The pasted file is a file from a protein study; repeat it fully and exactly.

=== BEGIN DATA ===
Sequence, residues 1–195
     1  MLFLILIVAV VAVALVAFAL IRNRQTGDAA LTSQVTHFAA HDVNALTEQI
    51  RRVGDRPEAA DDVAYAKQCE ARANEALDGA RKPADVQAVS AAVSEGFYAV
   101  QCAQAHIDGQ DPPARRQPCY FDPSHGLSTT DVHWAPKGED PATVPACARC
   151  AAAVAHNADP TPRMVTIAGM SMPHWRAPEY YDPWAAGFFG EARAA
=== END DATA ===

Sequence, residues 1–195
     1  MLFLILIVAV VAVALVAFAL IRNRQTGDAA LTSQVTHFAA HDVNALTEQI
    51  RRVGDRPEAA DDVAYAKQCE ARANEALDGA RKPADVQAVS AAVSEGFYAV
   101  QCAQAHIDGQ DPPARRQPCY FDPSHGLSTT DVHWAPKGED PATVPACARC
   151  AAAVAHNADP TPRMVTIAGM SMPHWRAPEY YDPWAAGFFG EARAA